of hierarchy “computer—manufacturer”, member “PowerEdge SC440” of hierarchy “computer—model”, member “server” of the hierarchy “computer—system role”, and member “X86-based PC” of hierarchy “computer—system type”. Both cell 2210 and 2220 are retrieved because the hierarchy “computer—system type” is expanded because of user interaction with the interactive matrix as illustrated in FIG. 12.

FIG. 23 shows the cube cache file 2000 after a member of an expanded hierarchy on the first axis is expanded as illustrated in FIG. 13. Specifically, FIG. 23 illustrates the cube cache file 2000 after a member of hierarchy “computer—model” is expanded. As illustrated in FIG. 23, the XML cube cache file 2000 added several new cells, each of which has a value and several pieces of metadata describing the cell. For example, cell 2310 has a value of 1. The metadata of cell 2310 shows that it is the measure “computer count” at the intersection of member “Dell Inc.” of hierarchy “computer—manufacturer”, member “PowerEdge SC440” of hierarchy “computer—model”, member “SVSFAPP009” of hierarchy “computer—name”, and member “server” of hierarchy “computer—system role”. Similarly, cell 2320 has a value of 153. The metadata of cell 2320 shows that it is the measure “program count” at the intersection of member “Dell Inc.” of hierarchy “computer—manufacturer”, member “PowerEdge SC440” of hierarchy “computer—model”, member “SVSFAPP009” of hierarchy “computer—name”, and member “server” of the hierarchy “computer—system role”. Both cell 2310 and 2320 are retrieved because the hierarchy “computer—name” is expanded as a result of user interaction with the interactive matrix as illustrated in FIG. 13.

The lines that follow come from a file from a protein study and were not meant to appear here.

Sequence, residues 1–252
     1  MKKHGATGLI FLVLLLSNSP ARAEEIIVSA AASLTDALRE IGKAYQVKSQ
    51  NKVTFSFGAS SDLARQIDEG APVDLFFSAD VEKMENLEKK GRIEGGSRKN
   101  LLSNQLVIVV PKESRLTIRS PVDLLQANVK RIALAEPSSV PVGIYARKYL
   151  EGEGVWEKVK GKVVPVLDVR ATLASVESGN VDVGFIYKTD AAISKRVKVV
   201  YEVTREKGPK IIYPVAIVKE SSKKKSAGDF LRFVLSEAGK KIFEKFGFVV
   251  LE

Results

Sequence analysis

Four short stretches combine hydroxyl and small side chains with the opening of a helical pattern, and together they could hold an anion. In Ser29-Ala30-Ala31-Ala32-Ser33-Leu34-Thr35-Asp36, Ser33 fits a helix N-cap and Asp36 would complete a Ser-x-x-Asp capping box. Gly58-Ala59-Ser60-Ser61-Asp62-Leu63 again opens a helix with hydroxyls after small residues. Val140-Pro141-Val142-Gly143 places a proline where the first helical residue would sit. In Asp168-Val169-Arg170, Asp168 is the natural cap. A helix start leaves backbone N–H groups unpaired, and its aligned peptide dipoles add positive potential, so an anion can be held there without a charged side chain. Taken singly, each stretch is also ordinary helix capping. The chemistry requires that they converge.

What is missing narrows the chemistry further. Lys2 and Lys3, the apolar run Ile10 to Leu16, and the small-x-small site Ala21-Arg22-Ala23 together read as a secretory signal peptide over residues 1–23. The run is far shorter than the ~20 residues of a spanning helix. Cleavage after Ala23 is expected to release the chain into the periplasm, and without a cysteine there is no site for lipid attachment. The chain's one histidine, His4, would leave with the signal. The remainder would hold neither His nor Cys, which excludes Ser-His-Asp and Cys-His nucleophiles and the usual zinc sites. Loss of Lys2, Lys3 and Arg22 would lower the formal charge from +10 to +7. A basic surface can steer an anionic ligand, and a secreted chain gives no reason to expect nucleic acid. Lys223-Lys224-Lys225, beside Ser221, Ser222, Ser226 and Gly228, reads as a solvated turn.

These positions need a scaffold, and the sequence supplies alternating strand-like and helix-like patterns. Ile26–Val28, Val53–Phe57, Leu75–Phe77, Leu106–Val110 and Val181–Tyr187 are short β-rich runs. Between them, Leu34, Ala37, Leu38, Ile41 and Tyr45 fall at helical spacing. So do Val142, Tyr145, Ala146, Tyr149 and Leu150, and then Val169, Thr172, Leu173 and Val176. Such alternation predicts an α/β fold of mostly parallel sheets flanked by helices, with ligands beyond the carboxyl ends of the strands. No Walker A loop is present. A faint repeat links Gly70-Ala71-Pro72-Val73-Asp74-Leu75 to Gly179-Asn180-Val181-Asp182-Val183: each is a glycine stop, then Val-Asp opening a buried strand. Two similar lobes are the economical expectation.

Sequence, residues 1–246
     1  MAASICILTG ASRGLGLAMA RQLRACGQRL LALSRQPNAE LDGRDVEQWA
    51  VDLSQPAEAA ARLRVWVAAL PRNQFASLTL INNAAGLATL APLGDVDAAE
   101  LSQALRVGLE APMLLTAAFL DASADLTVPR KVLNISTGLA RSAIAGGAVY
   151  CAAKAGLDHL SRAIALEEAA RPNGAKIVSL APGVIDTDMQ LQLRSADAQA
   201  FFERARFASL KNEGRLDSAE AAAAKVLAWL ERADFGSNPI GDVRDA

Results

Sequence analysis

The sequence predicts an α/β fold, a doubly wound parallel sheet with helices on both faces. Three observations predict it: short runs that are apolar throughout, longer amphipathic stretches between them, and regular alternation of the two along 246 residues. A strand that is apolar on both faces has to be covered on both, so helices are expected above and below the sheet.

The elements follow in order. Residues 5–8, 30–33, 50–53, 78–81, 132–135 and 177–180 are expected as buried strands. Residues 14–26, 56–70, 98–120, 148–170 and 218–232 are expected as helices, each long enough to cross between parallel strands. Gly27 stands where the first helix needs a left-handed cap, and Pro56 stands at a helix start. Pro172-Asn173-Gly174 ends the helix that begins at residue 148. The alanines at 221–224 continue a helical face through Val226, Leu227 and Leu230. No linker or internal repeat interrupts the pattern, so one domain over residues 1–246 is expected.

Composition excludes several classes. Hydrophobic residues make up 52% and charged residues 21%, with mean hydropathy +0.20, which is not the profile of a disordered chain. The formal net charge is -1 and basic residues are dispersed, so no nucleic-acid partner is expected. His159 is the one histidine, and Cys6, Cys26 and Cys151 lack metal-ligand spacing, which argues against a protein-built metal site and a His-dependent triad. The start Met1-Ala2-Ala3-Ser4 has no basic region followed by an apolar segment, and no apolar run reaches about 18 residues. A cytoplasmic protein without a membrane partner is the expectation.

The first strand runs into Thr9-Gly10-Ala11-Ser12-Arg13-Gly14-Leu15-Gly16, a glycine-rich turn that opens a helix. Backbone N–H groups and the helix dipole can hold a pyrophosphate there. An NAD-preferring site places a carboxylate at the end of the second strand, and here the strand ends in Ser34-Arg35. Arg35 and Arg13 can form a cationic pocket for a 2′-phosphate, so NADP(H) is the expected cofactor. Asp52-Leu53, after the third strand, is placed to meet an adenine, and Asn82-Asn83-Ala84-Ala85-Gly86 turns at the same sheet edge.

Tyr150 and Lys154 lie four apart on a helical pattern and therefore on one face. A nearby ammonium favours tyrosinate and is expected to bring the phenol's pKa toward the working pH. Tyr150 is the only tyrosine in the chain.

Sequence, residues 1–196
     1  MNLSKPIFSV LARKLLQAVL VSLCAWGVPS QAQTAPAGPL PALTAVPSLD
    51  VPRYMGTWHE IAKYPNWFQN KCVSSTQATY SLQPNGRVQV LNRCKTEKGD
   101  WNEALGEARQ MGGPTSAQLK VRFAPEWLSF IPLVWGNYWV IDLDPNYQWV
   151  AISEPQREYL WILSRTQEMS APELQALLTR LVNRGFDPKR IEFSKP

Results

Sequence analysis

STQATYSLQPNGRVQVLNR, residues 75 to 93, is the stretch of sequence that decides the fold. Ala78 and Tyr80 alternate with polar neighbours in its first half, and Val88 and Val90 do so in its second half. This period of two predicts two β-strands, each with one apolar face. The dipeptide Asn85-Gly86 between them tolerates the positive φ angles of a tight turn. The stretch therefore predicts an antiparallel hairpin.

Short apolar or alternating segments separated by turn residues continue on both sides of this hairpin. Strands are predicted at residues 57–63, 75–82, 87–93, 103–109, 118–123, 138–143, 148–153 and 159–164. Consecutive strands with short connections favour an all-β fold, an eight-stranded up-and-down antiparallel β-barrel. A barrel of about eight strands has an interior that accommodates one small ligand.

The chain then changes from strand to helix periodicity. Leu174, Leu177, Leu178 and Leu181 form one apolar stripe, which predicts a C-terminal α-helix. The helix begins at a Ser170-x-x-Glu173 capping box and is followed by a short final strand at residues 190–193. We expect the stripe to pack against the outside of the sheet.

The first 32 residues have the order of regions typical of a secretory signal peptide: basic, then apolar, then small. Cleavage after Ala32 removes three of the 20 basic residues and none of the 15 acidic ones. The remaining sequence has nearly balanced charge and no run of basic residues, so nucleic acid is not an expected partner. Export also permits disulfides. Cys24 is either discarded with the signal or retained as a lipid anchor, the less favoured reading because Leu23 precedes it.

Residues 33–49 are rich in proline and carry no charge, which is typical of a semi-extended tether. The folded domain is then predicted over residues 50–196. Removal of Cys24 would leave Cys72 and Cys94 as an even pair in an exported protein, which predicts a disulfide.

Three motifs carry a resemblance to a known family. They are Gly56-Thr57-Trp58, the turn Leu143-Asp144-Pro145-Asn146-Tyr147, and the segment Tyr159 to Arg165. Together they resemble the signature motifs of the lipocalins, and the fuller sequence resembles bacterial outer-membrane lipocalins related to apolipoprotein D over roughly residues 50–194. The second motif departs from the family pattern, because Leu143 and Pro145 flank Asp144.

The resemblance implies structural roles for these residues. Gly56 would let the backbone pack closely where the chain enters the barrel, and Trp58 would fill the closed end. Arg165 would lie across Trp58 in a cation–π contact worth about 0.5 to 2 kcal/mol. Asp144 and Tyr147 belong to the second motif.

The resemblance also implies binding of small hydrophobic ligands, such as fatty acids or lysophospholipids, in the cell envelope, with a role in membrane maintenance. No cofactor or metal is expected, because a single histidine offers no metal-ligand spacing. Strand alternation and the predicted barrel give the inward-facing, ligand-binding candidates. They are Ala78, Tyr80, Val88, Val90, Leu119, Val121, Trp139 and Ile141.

IV. An Example Cube-Browsing Client with Multiple Cube Views